It has given special attention, as it was mandated by Congress to do, to the problems of students and of servicemembers and veterans and of seniors, including really making sure that the Servicemembers Civil Relief Act, which provides certain special protections for active duty service members—to make sure that financial problems are not—they are in a particularly vulnerable situation because their job situation changes, because they are overseas—and to make sure that their financial stability and their family’s financial stability is not undermined. Those rules have been on the books but not been enforced.

So CFPB has really taken up the charge that it was given, to start to make financial markets fairer and safer. And I think that is exactly why it is so hated in some quarters. It is not because it has failed, but because it has succeeded, and is an example of the difference it makes if a regulatory agency is willing to follow the facts, pay attention to what the public is saying, and be aggressive in enforcement and in supervision and in rule writing when that is warranted by the harm being caused to consumers.

AMY GOODMAN: I wanted to turn to Massachusetts Senator Elizabeth Warren who helped establish the Consumer Financial Protection Bureau while she was a Harvard Law School bankruptcy professor. She tweeted a response to Trump, saying, “The only thing that will turn the @CFPB into a disaster is for @realDonaldTrump to ignore Dodd-Frank & name an acting director determined to destroy the agency.” So what does it mean for Mick Mulvaney, who has promised he would, well, try to kill this Bureau, to be named the head and also be the budget director for President Trump?

LISA DONNER: As you suggested in your opening, there are at least three fundamental problems with Mick Mulvaney as acting director. One is that the CFPB statute clearly says that the deputy director becomes the acting director. And as a number of legal commenters have pointed out, the legislative history of the CFPB really underlines that that was the intent of the drafters. There was one set of language in early versions, and in the final version, there is clarification that there is this plan and process for what happens. So that is one problem.

A second problem, as you suggested, is that the CFPB, like the other financial regulators, was established to be independent. And that is to free it some, or to at least create some space from the influence of the very powerful industry that it is charged with regulating, and to free it to focus on the facts. And it is profoundly contradictory to that independence to have somebody who is an official of the White House, and who is charged with carrying out executive branch policy, to be in charge of the Bureau.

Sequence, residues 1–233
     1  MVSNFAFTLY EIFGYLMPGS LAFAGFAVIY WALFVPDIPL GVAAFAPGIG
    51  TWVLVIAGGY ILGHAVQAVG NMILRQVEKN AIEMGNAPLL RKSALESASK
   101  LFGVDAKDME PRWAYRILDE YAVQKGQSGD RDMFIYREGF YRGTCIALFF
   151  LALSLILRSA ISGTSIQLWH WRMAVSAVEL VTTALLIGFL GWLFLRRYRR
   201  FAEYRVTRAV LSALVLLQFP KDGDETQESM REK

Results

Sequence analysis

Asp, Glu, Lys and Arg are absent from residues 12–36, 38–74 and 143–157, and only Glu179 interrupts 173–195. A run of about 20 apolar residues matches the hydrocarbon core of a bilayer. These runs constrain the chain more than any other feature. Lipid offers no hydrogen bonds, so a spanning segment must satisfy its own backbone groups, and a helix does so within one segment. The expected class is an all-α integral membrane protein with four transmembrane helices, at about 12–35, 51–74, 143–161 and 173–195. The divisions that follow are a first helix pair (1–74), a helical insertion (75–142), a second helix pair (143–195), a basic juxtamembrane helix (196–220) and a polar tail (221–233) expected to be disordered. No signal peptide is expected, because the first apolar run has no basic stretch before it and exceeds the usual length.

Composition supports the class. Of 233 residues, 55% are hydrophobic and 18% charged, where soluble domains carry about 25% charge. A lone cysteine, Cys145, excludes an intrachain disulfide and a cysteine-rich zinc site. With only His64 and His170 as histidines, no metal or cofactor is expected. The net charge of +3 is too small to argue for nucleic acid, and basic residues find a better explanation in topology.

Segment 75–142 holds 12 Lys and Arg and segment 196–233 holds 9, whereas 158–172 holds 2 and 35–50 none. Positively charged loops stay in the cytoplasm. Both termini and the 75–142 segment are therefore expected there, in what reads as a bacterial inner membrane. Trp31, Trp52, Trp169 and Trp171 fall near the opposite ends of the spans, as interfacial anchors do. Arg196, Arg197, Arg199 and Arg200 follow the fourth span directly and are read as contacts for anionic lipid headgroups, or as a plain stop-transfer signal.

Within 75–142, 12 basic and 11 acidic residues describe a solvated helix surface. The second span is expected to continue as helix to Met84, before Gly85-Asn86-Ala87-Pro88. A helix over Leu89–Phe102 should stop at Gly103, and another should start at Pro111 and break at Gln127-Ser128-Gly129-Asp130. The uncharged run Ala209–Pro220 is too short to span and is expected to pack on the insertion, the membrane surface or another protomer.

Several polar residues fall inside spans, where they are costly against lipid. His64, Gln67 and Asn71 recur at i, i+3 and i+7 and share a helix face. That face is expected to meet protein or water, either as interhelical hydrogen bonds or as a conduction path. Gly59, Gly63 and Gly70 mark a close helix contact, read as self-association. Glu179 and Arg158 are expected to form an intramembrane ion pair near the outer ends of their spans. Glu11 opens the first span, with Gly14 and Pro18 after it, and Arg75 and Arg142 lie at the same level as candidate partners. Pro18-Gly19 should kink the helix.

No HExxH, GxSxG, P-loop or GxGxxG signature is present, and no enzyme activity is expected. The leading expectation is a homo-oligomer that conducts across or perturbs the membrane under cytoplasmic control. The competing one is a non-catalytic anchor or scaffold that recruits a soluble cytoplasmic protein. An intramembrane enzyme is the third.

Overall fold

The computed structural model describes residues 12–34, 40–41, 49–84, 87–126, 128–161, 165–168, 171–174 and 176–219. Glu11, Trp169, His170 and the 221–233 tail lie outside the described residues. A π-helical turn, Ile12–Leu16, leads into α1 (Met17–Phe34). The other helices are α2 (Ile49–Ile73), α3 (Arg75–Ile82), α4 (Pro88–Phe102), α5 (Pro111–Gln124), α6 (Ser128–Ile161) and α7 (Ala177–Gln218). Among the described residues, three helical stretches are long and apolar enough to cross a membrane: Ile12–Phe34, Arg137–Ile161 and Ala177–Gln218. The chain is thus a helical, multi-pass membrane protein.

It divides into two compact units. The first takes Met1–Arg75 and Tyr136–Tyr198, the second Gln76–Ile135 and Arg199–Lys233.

And then finally, Mick Mulvaney has said that he—and wants to—that the CFPB shouldn’t exist. He said it is a sad, sick joke. He has supported and promoted legislation to both get rid of it altogether and to get rid of specific powers and authorities of the Bureau or to weaken it or make it unable to do its job again and again and again. And this is industry that—these are proposals, rather, that some of the worst actors in the financial services industry support and promote and argue for.

And those were some of his largest campaign donors when he was a congressman. He took $1.2 million from the financial services industry, including the payday lenders, for example, who are among the most fierce opponents of the Bureau. And they are opponents of the Bureau—they hate it because they want to continue to be able to rip people off, and they want to continue to be unaccountable. The same is true, for example, of the auto dealers, who have been violently opposed to the CFPB’s efforts to end discrimination in the way that auto loans, especially subprime auto loans, are priced.

AMY GOODMAN: So, Lisa Donner, you also weigh in on the whole issue of taxes. And this, well, as President Trump said, is a very big week for taxes. He tweeted, “…big week for Tax Cuts and many other things of great importance to our Country. Senate Republicans will hopefully come through for all of us. The Tax Cut Bill is getting better and better. The end result will be great for ALL!” So fit this into—what is happening now with the Bureau with what is happening now with President Trump’s push for tax reform.

LISA DONNER: It is actually kind of remarkable. The tweets that Senator Warren was responding to in those excellent tweets of hers, with President Trump saying the banks had been destroyed by CFPB—the truth is big banks are doing extremely well, and small banks are doing well, too. There’s just no foundation for that claim. It is sort of detached from reality. And at the same time that these kind of unneeded gifts, like, “Here, rip people off more”—kind of gift in the form of trying to destroy the work of the Consumer Bureau—they are also showering giant gifts on the financial industry through the tax bill.

It hasn’t been that widely reported on, but Wells Fargo, the same Wells Fargo who just opened millions of fake accounts, and has been avoiding accountability to the public for opening those millions of fake accounts by making it impossible for people to take them to court around those millions of fake accounts—Wells Fargo is actually perhaps the single largest beneficiary of the tax cuts being proposed.

And the other large banks are giant beneficiaries as well, both of the cut in the corporate rate and in the “bring your overseas profits home at a discount” pieces of the proposal. I will add that the private funds industry also a giant beneficiary of the tax proposals in the form of the pass-through cuts that are being made, although they probably want even more.

So this is kind of piling—putting Mick Mulvaney in charge of, or trying to put him in charge of the Consumer Bureau, is having a fox guard a hen house, which is not even a powerful enough analogy, even as you are also giving the fox presents of additional hen houses.

AMY GOODMAN: Well, I want to thank you very much, Lisa Donner, executive director of Americans for Financial Reform. Its hundreds of members fought for the creation of the Consumer Financial Protection Bureau. Thank you so much for being with us. A number of people are outside the CFPB right now protesting. We will see who will head up this agency in the meantime. This is Democracy Now! When we come back, two nontraditional Democrats win seats in Virginia and North Carolina. We will speak with both of them. Stay with us.